Charles Webb (author)

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Charles Webb
BornCharles Richard Webb
(1939-06-09)June 9, 1939
San Francisco, California, U.S.
DiedJune 16, 2020(2020-06-16) (aged 81)
Eastbourne, East Sussex, England
OccupationNovelist
EducationWilliams College
Notable worksThe Graduate
PartnerEve Webb
Children3

Charles Richard Webb (June 9, 1939 – June 16, 2020) was an American novelist. His most famous work is the 1963 novel The Graduate, which was made into a 1967 film of the same name.

Life and career[edit]

Webb was born in San Francisco and grew up in Pasadena, California. He attended Chandler School, Midland School in Los Olivos, California, and graduated from Williams College in 1961.[1]

Webb lived for several years in Hastings-on-Hudson, New York.

As of 2006, Webb had been with his long-term partner Eve Rudd (2019) for more than 40 years. Eve shaved her head and calls herself "Fred" in solidarity with a Californian support group called Fred, for men who have low self-esteem.[2] Fred is an artist and her work includes illustrations for Webb's 2002 novel New Cardiff. The couple had two sons, one of whom is now a performance artist who once cooked and ate a copy of The Graduate with cranberry sauce.[2]

The Webbs removed their children from school so that they could tutor them at home. This was illegal in California at the time, and to evade the authorities they fled the state; at one point they managed a nudist camp in New Jersey. They also divorced – accounts vary as to why (it was not due to personal differences), either in protest against the institution of marriage,[3] or against the United States's lack of marriage rights for gays.[2] They sold their wedding presents back to their guests, and having given away four houses in succession lived on the breadline, taking menial jobs as cleaners, cooks and fruit-pickers, working at K-Mart and living in a shack.[2] They lived in Eastbourne, East Sussex, England.[4]

Webb died in Eastbourne from a blood condition on June 16, 2020, at the age of 81.[5][6][7]

Non-materialist lifestyle[edit]

Webb lived a non-materialist lifestyle in what amounted to poverty for much of his life.[8] He declined an inheritance from his father, a wealthy doctor.[1] He sold the film rights to The Graduate for a token one-time payment of $20,000 and made nothing further, including from stage adaptions.[8] He donated the copyright to the Anti-Defamation League. He and his wife donated most of their possessions including art by Robert Rauschenberg and Andy Warhol. They lived out of a VW Bus in campgrounds, trailer parks and nudist colonies working odd jobs while home-schooling their children.[8]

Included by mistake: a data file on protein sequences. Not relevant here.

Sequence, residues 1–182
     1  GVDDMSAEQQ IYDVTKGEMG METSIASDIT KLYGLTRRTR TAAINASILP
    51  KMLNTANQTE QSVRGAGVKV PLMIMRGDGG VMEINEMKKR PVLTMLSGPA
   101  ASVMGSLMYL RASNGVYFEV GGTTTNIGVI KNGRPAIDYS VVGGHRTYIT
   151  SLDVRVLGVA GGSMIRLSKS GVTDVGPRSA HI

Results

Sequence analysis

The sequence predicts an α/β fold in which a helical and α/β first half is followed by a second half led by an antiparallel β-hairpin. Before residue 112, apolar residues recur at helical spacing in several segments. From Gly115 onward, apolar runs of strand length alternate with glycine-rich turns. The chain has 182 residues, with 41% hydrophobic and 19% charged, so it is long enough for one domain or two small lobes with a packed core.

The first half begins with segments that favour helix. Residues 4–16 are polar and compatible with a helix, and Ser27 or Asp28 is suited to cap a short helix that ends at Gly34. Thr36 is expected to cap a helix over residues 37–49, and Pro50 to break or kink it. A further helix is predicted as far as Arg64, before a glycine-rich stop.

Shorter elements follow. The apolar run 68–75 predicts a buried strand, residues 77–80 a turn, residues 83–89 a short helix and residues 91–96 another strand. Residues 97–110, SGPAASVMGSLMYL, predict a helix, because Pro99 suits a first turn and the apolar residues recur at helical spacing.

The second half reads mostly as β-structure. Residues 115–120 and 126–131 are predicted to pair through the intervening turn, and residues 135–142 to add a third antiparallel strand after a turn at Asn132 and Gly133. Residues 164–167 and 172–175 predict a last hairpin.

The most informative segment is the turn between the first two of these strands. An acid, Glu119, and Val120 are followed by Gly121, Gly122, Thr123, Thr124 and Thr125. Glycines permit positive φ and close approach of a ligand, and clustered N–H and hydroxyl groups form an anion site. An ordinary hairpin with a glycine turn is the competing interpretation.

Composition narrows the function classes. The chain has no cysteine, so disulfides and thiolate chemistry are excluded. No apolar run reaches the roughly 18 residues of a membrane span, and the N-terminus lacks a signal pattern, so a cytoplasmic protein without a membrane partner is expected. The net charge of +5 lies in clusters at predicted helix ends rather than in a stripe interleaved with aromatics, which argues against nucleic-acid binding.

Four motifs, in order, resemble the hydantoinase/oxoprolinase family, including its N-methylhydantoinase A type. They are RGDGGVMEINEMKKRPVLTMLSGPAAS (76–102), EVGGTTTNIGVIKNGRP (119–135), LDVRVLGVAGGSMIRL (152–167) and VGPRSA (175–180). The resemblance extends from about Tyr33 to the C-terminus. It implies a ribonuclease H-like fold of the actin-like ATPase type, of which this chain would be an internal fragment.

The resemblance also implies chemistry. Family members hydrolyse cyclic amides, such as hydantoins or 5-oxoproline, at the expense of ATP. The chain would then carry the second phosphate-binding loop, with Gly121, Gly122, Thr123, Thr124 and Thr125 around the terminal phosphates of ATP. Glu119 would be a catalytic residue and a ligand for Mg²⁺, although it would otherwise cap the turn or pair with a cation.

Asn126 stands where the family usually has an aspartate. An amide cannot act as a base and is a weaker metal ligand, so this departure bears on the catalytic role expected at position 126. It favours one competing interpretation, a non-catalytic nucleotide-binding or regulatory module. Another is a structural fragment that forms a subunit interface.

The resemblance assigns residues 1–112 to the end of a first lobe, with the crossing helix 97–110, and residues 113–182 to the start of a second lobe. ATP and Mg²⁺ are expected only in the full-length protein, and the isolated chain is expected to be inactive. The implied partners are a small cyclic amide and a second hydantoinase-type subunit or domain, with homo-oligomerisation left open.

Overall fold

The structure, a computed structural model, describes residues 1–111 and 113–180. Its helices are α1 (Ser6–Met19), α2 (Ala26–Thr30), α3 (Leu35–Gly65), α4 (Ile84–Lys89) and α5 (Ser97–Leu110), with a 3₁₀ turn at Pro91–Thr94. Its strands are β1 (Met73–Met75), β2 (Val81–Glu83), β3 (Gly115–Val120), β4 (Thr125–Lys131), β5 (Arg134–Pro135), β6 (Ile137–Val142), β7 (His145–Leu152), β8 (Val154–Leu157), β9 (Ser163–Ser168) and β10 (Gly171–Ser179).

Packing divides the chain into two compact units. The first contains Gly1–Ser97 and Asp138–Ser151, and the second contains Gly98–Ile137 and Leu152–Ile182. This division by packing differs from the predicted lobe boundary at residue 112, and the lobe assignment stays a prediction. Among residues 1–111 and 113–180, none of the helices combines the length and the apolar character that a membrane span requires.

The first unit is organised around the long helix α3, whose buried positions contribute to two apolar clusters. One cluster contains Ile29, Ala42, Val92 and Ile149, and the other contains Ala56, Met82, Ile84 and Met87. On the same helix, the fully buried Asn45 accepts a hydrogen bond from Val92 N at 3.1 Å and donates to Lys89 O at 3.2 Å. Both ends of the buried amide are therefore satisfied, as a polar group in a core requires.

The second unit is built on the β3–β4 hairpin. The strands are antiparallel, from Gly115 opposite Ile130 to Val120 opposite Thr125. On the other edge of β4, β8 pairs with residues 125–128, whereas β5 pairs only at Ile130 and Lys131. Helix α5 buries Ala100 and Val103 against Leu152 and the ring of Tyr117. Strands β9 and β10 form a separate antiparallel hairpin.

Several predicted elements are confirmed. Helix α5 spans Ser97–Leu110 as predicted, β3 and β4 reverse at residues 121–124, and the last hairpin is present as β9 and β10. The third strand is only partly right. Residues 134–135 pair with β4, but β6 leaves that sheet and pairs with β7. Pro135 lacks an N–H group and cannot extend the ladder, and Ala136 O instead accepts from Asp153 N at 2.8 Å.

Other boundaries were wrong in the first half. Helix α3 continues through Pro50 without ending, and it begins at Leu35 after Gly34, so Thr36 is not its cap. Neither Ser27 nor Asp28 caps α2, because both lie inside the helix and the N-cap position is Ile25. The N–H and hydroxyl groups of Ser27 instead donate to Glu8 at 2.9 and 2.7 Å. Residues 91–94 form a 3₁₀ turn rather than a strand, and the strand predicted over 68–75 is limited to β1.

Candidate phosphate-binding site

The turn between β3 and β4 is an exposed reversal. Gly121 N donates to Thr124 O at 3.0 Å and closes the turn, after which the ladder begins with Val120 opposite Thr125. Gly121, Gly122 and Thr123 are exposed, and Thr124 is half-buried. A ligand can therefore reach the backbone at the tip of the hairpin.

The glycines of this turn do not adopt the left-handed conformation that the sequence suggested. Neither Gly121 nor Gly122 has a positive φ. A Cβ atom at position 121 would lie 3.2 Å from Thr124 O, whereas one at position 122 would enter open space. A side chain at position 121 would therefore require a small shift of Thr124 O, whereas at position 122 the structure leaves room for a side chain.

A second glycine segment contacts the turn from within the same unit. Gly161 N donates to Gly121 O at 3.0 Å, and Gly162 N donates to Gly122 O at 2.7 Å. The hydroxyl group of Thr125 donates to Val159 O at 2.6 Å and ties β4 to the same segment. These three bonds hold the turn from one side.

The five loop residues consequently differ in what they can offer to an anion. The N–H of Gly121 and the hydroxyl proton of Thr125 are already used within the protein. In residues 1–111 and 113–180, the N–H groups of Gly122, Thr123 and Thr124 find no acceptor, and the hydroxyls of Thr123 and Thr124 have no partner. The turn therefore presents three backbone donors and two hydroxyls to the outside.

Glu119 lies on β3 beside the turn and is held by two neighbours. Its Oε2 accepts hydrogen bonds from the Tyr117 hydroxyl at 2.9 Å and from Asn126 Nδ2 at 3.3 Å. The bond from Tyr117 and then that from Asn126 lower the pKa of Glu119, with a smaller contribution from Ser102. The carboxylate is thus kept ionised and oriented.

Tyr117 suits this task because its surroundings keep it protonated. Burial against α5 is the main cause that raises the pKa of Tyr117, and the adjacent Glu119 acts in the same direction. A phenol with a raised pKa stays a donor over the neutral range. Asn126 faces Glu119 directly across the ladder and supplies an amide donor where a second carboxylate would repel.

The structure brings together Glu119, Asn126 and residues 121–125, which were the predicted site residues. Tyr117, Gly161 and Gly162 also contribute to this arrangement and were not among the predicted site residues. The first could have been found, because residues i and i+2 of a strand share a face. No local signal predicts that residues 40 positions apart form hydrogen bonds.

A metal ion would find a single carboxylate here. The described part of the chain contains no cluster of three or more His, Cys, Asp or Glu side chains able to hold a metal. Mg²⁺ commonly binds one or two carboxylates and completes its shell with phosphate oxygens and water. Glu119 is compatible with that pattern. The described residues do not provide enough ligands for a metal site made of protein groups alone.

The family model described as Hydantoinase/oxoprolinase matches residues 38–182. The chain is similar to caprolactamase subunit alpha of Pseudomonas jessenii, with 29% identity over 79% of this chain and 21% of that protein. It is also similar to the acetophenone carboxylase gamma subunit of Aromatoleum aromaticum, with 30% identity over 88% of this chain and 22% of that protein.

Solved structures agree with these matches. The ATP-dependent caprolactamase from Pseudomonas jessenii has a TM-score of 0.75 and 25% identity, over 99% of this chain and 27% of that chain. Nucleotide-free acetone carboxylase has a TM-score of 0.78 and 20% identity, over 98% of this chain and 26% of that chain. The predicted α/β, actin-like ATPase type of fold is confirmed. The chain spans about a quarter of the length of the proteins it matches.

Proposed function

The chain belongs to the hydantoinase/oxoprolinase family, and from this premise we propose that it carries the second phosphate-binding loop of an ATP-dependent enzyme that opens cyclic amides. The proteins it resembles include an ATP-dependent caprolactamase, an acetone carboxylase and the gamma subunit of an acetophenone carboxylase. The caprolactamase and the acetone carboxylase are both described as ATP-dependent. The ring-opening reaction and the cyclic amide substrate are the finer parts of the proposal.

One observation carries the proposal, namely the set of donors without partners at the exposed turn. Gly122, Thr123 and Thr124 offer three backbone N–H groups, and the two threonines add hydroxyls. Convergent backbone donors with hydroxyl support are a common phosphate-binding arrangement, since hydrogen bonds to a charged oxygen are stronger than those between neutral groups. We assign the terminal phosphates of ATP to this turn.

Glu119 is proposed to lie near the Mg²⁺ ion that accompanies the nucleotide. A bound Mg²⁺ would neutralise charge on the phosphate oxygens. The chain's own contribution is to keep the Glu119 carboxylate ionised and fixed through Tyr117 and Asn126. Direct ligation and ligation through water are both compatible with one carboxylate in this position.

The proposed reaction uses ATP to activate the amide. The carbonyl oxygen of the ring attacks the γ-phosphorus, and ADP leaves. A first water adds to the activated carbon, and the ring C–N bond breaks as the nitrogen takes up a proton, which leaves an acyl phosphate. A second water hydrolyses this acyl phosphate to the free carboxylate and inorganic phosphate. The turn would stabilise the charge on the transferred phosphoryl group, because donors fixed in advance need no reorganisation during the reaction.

The Graduate[edit]

Webb's first and most famous novel was published in 1963, foreshadowing many of the social tensions of the 1960s which the book would come to represent. Through this novel, the character of "archetypal seductive older woman" Mrs. Robinson has found a permanent niche in American cultural history.

The novel was made into a hugely successful film of the same name by Mike Nichols. Webb has stated that he never felt comfortable with the attention the film brought him because he felt it distracted from his status as a serious artist.

Webb sold the film rights for a one-time payment reported to be $20,000.[3] He was rarely associated with the film's publicity and not particularly with the growth of its reputation. Buck Henry and Calder Willingham, the screenwriters, assumed much of the credit for the work despite taking most of the dialogue directly from the book.[9]

During the film's enormous success, the producer, Joseph E. Levine, offered Webb token recognition by an additional compensation of $10,000.

In April 2006, it was reported that Webb had written a sequel to The Graduate, titled Home School but refused to publish it in its entirety because of a copyright loophole. When he sold the film rights to The Graduate in the 1960s, Webb also surrendered the film rights to any sequels. If he were to publish Home School, Canal+, the French media company that now owns the rights to The Graduate, would be able to adapt it for the screen without his permission.[10]